What is the estimated housing oversupply?

Excess supply (unsold houses in year of sales) is most acute in Tier II and III cities and it would take 2-3 years to digest the oversupply there (Rogoff and Yang, 2021). Another measure, vacancy rate, is also a good indicator of housing oversupply. Rogoff and Yang (2021) reports figures from the Research Center for China Household Finance at 17% for Tier I cities and over 20% for Tier II and II cities. Another study (Tan and others, 2020,uses a unique data set of night time light) reports similar vacancy rates (15-19% in Tier I cities, around 20% in larger Tier II cities and slightly higher than 20% in other Tier II cities) . Compared to other countries, China’s 20% is one of the highest.

Will housing demand improve over the medium term? How can we gauge where home prices will go?

China’s home ownership rate among urban dwellers (64% of total population) has reached 96% according to the People’s Bank of China. Available floor space per capita around 40 square meter is now on par with European countries (although with a much higher vacancy rate). With little price appreciation expectations currently, speculative demand has already dropped significantly. Fundamental demand will be driven by household formation, urbanisation and upgrade demand. The former two have seen a significant slowdown in the last few years due to aging demographic, lower marriage rate and an already elevated urbanisation rate. Having a son is one of the determinants of having more than one home. This suggests that household formation may not play an important role in driving new demand for those already owning several homes. Upgrade demand is usually driven by an expansion of family size or the desire for newer homes. The former (fertility rate) has dropped sharply over the pandemic years, while the latter will depend on job and income prospects.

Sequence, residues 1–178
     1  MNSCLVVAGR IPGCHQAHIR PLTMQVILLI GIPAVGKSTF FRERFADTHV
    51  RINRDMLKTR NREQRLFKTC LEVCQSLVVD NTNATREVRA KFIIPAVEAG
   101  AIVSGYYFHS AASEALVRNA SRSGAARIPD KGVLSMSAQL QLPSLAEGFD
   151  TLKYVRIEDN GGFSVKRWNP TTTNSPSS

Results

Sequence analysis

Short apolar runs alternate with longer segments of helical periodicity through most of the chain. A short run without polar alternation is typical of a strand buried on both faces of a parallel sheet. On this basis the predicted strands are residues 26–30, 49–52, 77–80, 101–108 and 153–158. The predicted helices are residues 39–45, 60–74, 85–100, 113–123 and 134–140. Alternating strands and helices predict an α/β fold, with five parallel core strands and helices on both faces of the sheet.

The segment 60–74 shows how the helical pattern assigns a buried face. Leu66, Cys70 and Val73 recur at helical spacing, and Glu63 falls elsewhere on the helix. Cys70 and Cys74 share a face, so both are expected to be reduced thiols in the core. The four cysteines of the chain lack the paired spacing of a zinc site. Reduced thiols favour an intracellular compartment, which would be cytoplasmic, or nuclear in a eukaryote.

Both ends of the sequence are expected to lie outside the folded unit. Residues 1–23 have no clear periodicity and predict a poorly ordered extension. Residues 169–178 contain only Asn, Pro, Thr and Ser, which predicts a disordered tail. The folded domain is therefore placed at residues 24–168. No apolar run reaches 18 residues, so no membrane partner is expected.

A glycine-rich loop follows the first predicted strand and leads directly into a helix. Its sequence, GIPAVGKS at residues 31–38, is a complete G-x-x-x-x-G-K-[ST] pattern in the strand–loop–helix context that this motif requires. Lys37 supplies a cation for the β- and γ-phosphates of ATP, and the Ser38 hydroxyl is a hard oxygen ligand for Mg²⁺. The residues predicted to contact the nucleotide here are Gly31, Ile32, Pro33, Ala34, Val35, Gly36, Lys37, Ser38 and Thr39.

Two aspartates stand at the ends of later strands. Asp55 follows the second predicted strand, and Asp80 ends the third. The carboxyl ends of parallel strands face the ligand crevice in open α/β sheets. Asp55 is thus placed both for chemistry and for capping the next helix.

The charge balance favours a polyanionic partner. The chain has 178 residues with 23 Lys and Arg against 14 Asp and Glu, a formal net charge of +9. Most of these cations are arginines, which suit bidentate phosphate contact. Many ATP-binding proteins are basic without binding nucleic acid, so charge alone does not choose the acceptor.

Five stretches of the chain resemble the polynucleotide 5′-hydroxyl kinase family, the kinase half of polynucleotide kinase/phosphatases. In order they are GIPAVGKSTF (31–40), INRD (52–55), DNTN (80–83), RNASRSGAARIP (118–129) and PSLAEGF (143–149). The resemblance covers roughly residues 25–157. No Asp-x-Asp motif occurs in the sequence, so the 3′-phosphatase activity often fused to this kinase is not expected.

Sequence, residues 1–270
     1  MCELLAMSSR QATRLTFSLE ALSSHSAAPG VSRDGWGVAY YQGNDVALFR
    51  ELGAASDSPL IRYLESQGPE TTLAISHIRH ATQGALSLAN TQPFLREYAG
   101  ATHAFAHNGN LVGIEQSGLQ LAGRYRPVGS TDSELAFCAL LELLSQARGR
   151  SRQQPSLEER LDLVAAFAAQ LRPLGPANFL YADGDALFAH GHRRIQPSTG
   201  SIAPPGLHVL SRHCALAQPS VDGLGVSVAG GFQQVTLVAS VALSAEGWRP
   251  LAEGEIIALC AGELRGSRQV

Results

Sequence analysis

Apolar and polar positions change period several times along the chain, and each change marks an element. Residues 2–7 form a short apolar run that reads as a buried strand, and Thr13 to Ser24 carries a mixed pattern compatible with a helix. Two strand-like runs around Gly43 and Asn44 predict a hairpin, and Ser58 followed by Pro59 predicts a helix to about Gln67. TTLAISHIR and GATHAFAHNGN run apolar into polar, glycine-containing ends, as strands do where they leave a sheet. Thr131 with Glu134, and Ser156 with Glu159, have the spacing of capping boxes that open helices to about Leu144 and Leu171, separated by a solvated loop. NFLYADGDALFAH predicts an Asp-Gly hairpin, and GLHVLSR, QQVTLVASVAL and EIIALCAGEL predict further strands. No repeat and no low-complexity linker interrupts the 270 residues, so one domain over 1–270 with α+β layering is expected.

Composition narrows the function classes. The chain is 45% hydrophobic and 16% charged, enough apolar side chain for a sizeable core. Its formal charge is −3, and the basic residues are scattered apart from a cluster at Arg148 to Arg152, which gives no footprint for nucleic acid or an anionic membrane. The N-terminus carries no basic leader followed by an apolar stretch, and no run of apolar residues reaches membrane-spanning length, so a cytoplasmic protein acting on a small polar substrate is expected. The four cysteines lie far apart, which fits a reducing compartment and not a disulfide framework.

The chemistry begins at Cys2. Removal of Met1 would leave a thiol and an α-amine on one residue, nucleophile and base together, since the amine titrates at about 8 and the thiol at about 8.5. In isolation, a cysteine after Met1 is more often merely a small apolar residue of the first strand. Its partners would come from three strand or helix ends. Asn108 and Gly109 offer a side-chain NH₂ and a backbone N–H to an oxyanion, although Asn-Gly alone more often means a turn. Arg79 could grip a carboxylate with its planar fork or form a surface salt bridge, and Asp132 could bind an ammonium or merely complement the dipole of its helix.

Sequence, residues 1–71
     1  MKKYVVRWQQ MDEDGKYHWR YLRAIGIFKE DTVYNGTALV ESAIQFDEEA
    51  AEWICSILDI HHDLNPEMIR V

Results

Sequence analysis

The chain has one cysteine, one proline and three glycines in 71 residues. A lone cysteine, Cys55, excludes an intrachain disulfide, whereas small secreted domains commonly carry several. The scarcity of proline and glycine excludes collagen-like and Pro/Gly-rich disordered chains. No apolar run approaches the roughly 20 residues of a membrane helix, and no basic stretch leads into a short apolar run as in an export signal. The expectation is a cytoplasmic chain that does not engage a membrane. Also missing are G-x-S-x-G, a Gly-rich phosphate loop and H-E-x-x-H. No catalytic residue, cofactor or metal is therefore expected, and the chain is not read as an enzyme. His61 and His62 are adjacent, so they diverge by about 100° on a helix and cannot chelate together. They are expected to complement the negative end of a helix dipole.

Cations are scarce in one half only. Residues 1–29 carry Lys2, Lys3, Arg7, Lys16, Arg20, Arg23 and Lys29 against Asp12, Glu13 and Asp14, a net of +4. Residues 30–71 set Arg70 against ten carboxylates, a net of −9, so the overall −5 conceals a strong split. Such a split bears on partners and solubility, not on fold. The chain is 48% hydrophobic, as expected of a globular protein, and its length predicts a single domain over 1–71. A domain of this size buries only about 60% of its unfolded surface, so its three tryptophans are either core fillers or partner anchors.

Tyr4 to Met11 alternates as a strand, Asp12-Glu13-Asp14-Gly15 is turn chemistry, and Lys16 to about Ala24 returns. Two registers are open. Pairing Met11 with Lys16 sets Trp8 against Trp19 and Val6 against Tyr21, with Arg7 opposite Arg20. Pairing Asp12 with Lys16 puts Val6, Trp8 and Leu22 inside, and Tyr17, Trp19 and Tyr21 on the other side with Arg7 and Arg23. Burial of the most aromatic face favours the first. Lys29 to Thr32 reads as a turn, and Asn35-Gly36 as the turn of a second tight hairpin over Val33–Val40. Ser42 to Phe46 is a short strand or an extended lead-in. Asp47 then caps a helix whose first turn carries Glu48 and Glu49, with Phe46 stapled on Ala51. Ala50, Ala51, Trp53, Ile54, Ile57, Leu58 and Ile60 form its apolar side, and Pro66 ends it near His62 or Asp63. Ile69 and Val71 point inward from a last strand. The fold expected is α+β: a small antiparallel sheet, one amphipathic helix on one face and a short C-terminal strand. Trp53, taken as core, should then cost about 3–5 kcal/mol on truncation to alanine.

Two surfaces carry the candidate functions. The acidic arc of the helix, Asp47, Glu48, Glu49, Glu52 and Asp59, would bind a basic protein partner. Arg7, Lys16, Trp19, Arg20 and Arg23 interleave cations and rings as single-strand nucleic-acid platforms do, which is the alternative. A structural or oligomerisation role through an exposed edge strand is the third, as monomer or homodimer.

Glaeser and others (2017) offers simulations of where house prices could be by 2030. Their results mainly depend on assumptions on future income growth, potential urban population growth and housing supply growth. In their baseline (calculated with 2015 data), negative price growth over the medium term is most likely in Tier II cities. The government, however, does have a control of future housing supply. Lower future supply will help support prices but will imply weak economic activity given the importance of the housing sector in China.

What is the economic outlook with a prolonged housing decline?

Our view is that the government will err on lower future housing supply in order to facilitate a more moderate price adjustment. China’s financial sector cannot afford a large drop in home prices given the amount of debt that is collateralised by properties. In that case, we expect economic growth to be weak in the next 2-3 years (closer to 4%). Higher government spending especially to support households could help smooth the downturn. A reform to local-central government fiscal relationship and a clean-up of non-performing real estate assets could help speed up the recovery.

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Author EFI